Lavon was having a great year. She was awarded a sizable grant from the Arts Council of Greater Lansing in the summer, which lead to a chain reaction of professional and artistic growth. But tragedy struck later in the year, when an electrical malfunction occurred near her workspace located in Old Town’s Devon Storage Facility. A fire erupted and burned several of the units, including Lavon’s studio.
“The fire was initially devastating because I was watching my life’s work go up in flames,” Lavon said. “Of all the things I thought to go wrong, I never thought that would be one of them.”Arising from the ashes is Kimberly Lavon INK, a brand new gallery and art studio in East Lansing. The studio, situated above Conrad’s Diner, serves not only as a gallery to view Lavon’s work, but also provides an opportunity for guests to see the process of how she makes her work. Lavon’s deft mixture of styles runs the gamut from printmaking to graphic design.
The space is divided into two rooms. The first serves as a gallery, while the second houses the workspace where Lavon produces her art. One might wonder if a modest two room suite is enough to house a gallery and the all various tools used in printmaking, but Lavon states that the space is micro on purpose.
“I want to show people that you don’t need a cavernous area to have a completely legitimate workspace,” Lavon said.
It wasn’t exactly easy for Lavon to get from the incident of her former workspace to Kimberly Lavon INK. In fact, after the fire, Lavon swore off art. She stepped away from her work, confident that she’d never return to the realm of creativity. Her friends and colleagues weren’t convinced.
“Nobody believed me! People laughed in my face,” said Lavon. “I kept reiterating that I was seriously done. That I was never going to make art again.”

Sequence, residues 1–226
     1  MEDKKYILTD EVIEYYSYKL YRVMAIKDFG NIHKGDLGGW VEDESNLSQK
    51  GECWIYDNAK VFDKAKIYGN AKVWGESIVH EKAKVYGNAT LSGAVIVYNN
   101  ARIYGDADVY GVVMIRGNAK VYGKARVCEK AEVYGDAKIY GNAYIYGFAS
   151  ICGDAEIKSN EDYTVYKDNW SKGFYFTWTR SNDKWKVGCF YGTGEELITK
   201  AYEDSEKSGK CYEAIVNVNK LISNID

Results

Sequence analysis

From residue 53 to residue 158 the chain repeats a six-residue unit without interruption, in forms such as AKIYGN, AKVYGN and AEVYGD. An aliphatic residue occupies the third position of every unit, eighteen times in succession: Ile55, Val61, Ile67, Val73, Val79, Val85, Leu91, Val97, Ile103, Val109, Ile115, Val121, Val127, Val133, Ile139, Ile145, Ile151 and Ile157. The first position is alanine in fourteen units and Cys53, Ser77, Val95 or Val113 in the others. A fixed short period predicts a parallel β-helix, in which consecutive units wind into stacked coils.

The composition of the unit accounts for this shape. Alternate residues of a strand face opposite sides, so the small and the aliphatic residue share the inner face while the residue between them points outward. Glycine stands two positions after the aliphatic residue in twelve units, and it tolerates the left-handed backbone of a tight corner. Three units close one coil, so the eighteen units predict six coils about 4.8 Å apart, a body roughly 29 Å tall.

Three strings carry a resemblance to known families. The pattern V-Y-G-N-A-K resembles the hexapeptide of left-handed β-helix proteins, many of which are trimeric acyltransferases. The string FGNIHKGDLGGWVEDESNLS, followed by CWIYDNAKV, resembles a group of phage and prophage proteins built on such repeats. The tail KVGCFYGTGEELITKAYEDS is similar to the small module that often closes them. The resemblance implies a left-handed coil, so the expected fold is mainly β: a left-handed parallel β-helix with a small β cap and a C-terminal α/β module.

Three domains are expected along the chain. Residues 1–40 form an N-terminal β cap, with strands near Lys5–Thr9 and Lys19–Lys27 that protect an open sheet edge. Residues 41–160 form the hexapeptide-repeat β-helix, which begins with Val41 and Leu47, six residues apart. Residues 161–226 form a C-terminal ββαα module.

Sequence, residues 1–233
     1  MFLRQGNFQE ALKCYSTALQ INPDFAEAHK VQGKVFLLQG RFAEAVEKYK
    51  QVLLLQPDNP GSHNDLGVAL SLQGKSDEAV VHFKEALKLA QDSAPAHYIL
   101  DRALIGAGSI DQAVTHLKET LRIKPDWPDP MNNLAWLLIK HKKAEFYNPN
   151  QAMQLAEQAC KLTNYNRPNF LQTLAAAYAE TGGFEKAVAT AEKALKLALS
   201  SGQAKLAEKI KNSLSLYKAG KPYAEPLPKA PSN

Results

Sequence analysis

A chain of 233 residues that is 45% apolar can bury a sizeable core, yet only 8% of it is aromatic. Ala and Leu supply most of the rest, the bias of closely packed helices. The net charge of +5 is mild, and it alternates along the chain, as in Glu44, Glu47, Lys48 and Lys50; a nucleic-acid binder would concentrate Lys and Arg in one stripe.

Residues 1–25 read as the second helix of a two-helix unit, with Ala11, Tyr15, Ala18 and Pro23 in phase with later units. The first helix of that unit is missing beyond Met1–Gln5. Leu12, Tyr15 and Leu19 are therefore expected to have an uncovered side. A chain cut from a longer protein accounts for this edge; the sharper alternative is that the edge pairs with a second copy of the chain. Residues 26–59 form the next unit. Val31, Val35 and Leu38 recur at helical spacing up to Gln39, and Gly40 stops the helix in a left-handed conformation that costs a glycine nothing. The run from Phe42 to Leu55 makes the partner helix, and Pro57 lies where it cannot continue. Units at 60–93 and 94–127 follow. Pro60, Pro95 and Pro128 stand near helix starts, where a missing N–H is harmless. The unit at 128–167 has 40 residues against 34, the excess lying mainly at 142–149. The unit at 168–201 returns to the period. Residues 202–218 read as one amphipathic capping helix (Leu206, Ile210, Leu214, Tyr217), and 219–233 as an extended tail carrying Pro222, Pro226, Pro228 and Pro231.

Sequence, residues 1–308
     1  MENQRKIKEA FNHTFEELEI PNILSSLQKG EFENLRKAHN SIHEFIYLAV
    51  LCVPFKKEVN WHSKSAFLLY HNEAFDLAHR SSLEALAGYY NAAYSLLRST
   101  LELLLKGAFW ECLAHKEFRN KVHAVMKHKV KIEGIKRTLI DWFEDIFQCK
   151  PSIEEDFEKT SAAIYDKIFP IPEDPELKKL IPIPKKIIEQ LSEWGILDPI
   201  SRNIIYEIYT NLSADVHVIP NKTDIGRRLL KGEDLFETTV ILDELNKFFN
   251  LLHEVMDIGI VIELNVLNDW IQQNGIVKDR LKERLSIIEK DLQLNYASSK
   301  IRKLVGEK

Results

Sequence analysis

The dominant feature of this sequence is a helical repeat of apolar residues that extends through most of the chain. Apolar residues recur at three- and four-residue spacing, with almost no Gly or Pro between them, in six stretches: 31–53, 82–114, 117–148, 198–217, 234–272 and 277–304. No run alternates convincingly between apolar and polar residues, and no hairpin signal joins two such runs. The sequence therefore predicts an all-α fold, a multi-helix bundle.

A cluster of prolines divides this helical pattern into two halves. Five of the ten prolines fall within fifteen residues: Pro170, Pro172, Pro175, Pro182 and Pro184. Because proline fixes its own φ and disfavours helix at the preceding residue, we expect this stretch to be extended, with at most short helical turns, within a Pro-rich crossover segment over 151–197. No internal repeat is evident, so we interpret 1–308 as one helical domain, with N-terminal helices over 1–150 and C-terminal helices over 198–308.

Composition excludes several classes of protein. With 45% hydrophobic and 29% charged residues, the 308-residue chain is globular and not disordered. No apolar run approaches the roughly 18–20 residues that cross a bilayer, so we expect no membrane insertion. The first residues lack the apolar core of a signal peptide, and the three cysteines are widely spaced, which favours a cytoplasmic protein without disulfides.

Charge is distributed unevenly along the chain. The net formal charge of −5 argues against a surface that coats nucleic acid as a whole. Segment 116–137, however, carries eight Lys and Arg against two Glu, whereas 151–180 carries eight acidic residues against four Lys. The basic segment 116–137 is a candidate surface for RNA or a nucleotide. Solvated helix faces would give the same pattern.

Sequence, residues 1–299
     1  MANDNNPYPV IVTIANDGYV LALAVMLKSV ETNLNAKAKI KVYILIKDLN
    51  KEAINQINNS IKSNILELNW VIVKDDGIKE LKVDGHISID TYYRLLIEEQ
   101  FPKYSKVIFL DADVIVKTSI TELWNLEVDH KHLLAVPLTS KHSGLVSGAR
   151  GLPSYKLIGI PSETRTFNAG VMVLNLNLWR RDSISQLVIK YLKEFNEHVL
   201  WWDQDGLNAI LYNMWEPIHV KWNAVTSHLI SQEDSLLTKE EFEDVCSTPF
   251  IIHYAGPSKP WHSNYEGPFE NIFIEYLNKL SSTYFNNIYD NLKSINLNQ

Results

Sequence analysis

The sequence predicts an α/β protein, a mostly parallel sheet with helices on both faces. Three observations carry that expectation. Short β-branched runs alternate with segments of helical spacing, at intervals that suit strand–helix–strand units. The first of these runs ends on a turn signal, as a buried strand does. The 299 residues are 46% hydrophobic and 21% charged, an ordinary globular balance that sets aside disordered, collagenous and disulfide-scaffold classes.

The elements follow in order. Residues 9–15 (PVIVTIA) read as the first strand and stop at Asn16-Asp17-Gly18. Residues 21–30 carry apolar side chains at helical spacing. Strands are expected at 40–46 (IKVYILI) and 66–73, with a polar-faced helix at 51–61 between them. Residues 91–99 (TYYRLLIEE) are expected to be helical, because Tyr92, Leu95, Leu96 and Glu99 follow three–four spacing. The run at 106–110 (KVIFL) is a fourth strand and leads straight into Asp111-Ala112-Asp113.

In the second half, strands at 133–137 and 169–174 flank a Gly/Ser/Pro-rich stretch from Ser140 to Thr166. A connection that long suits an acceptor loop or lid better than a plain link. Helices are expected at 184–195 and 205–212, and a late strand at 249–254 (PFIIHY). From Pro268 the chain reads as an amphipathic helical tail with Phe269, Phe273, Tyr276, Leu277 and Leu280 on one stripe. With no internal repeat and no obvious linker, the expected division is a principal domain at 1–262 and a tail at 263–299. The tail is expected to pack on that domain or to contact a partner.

Unfortunately, it took yet another tragedy to pull Lavon back into the art world. She was inspired to make art once more after the passing of her grandfather. Lavon was close with her grandfather, seeing him as more of a father, and wanted to make something to commemorate the impact he made on her life. Lavon wasn’t satisfied with the piece, but everyone else’s reactions were just enough to get the ball rolling once more.
“People loved it, I hated it. I thought (my grandfather) wouldn’t be happy with the piece,” said Lavon. “The reaction from people made me feel positive, so it was a domino effect from there.”
Getting back to Lavon’s works, her printmaking specializes in human skeleton iconography. But the art is not about death and morbidity, but rather reducing the human to its foundation. It’s Lavon’s intent to make these figures without any identifiable features so that there can be no discrimination.
The shop will be open for this weekend’s First Sunday Gallery Walk. Guests can check out Lavon’s new workspace as well as take in her first exhibit in the gallery, “Vintage Pieces from Kimberly Lavon.” The exhibit comprises of a number of pieces from past collections that span all the types of screen printing and other mediums that Lavon practices.
With the opening of Kimberly Lavon INK Friday, one could argue that no other Lansing artist in recent memory has so greatly personified the Phoenix metaphor of death and rebirth from the ashes like Lavon does. But the artist herself would tell you it’s nothing so mystical. It was through persistence, she said, that she was able to acquire professional representation that has gotten her works into galleries all over the world.
“If you love something, do it and don’t stop,” Lavon said. “I’m am so grateful that I now get to share my love of printmaking with this city.”
Kimberly Lavon INK
210 Abbot Road, Suite 50, East Lansing 11 a.m.-8 p.m.; Monday- Friday, 1-6 p.m. Saturday- Sunday (517) 862-6129 facebook.com/ KimberlyLavonArtist
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